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Problem Solved: Beat the Burn

Quick tips to help prevent acid reflux


Neeti Jha With Gagan Dhillon  

Reflux occurs when partly digested food and acid flow back from your stomach into your oesophagus, causing the telltale burning sensation in your chest. It can resemble a heart attack -- hence it's called heartburn.

Normally, a muscle that acts like a valve between your stomach and the oesophagus (called the lower oesophageal sphincter, or LES) prevents the backwash of food from the gut. But when the LES is overwhelmed by pressure from your belly, it causes a reflux. If this condition becomes chronic (twice a week or more), it's called gastroesophageal reflux disease (GERD). GERD can further cause symptoms such as a chronic cough, sore throat, hoarseness and chest pain. Severe acid reflux can injure the oesophagus, causing ulcers and strictures (narrowing of the oesophagus) and even oesophageal cancer.

 

What you can do
Mend your posture. "Sitting upright helps reduce symptoms as gravity prevents the reflux of gastric contents into the food pipe," says Dr Randhir Sud, chairman, Institute of Digestive & Hepatobiliary Sciences, Medanta-The Medicity, Gurugram. While sleeping, keep your head elevated, cushioning it with a pillow. That way, your oesophagus is optimally positioned to prevent acid from flowing back.

Avoid trigger foods. Caffeine, alcohol, chocolates, carbonated drinks, spicy and high-fat foods take longer to move through your digestive tract. This builds up pressure in your stomach, creating reflux symptoms. "Eating too fast and not chewing properly can make the symptoms worse," says Neelanjana Singh, Delhi-based nutritionist. "Gourds help prevent acid reflux; drink bottle gourd, ash gourd or beetroot juice. For acute symptoms drink 50 ml of cold milk," recommends Dr Issac Mathai, medical director, Soukya, Bengaluru.

Downsize your meals.
"For easy digestion, have smaller, more frequent meals. Do keep a gap of two to three hours between your meal and bedtime,'' advises Singh.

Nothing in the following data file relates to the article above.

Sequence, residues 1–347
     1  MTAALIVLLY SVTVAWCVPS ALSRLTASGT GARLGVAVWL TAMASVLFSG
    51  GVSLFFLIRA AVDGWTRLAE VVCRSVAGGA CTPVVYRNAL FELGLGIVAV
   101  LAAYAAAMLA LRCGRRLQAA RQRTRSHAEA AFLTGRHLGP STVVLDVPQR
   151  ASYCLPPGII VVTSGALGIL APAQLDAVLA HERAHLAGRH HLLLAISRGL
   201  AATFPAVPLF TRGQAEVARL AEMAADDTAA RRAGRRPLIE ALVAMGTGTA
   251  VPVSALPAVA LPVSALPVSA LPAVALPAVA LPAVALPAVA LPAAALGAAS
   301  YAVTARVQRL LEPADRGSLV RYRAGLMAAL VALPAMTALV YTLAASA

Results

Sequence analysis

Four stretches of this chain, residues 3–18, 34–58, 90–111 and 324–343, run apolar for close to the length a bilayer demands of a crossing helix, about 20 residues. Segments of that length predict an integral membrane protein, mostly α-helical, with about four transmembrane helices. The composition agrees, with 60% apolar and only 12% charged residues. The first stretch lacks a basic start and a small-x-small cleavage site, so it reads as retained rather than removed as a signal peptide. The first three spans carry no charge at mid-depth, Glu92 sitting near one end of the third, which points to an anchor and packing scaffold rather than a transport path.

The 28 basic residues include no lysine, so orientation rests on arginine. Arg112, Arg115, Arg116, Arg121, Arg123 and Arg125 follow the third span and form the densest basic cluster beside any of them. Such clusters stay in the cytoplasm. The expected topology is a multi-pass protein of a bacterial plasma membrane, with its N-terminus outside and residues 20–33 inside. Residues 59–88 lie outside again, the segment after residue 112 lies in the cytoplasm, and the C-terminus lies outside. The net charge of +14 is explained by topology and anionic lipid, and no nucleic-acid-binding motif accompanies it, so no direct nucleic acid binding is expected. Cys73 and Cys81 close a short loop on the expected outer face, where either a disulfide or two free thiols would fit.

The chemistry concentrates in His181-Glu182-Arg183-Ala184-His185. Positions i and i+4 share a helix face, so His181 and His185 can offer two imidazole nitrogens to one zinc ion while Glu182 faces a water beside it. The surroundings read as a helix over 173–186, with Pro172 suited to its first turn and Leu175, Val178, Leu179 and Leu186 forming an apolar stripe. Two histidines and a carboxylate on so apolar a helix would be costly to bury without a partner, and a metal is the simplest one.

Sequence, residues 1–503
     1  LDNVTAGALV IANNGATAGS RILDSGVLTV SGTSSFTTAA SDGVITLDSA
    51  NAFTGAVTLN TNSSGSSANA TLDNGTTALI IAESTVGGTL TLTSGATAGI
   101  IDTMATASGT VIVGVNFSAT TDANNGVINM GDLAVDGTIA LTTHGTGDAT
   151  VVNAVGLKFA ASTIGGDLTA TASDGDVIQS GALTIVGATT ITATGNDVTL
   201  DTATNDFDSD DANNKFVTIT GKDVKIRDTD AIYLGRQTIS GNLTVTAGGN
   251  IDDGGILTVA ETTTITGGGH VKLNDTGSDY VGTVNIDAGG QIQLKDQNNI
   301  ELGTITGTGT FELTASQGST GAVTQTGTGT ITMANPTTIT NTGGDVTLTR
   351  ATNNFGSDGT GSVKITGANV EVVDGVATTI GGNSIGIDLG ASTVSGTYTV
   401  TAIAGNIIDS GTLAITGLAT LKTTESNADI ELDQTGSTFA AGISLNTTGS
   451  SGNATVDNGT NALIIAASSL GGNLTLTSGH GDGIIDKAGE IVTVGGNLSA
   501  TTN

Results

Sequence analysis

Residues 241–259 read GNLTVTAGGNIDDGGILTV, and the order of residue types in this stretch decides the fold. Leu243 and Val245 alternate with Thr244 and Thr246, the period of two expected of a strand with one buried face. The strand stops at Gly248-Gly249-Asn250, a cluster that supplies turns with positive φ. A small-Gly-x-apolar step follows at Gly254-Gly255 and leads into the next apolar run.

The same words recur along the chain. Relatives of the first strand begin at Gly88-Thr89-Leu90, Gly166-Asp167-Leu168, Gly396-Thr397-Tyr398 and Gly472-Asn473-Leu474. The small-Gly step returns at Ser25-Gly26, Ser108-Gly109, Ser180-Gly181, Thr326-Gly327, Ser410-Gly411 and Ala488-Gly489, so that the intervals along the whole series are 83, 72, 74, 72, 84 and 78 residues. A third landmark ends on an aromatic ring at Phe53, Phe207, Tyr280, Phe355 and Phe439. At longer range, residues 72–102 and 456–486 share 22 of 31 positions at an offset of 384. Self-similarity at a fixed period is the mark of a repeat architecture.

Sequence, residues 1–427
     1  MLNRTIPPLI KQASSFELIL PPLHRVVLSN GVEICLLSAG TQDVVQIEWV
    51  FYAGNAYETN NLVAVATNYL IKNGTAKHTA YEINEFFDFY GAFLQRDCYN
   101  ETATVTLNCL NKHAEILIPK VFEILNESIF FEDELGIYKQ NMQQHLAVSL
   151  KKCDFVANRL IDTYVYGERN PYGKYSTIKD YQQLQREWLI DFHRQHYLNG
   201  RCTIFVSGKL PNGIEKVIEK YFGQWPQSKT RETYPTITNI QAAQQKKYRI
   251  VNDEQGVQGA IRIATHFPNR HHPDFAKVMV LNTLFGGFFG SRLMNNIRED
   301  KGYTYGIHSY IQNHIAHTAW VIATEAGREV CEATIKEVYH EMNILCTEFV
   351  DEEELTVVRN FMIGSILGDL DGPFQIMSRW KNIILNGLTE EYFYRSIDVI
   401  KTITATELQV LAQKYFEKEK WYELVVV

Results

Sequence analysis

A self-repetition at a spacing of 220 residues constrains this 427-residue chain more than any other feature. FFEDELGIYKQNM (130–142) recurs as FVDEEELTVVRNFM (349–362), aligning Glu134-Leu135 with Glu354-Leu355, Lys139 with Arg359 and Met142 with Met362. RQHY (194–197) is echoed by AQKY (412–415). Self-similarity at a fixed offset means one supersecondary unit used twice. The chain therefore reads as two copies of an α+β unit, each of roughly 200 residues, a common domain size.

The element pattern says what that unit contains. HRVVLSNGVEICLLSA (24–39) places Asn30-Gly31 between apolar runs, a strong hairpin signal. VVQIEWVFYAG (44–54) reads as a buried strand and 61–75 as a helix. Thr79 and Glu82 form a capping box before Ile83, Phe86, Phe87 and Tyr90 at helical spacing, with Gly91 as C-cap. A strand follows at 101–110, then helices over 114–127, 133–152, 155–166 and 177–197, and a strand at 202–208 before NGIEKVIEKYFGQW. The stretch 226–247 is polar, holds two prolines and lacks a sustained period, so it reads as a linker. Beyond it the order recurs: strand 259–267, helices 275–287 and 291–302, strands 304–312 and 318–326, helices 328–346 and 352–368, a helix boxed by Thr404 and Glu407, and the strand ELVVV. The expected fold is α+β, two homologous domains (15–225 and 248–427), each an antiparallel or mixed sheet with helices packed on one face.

Stay active. The more sedentary you are, the more you retard your gastric motility (the time it takes for food to pass through your system).

Try belly breathing. Practising deep breathing for 30 minutes a day can reduce the symptoms of reflux. Mathai recommends pranayama techniques like seetali and nadi shodhana.

Practise yoga. Stress is a known contributor and aggravator of acid reflux. "Yoga postures like pawanmuktasana, vajrasana, yoga mudrasana, viparitakarini and uddiyana bandha can help," says Mathai.

 

Doctor's orders
Antacids: These contain compounds that help buffer stomach acid and can provide relief for up to three hours. See a doctor if you are having to pop too many pills.
 
Proton Pump Inhibitors (PPIs): "Available as omeprazole, lansoprazole, rabeprazole, pantoprazole, esomeprazole and ilaprazole, the PPIs work by reducing/suppressing the formation of acid in the stomach,'' says Sud. He explains, ''Generally, PPIs are prescribed for about four weeks, followed by smaller doses for some more time (if needed). To treat erosions PPIs are often prescribed for 8-12 weeks." Do consult a doctor to determine the right dosage and duration. Though PPIs are relatively safe drugs, prolonged consumption can increase the risk of intestinal infections and slow down calcium absorption. Experts also recommend lifestyle changes along with medication for long-term relief.

Prokinetics: These are prescribed to improve gastrointestinal function. They strengthen contractions in the small intestine.

Surgery: A laparoscopic anti-reflux surgery is the last option, "It benefits people who suffer from reflux of acid along with large volume of food, especially in cases where there is risk of the acid aspirating to the lungs," adds Sud.                

 

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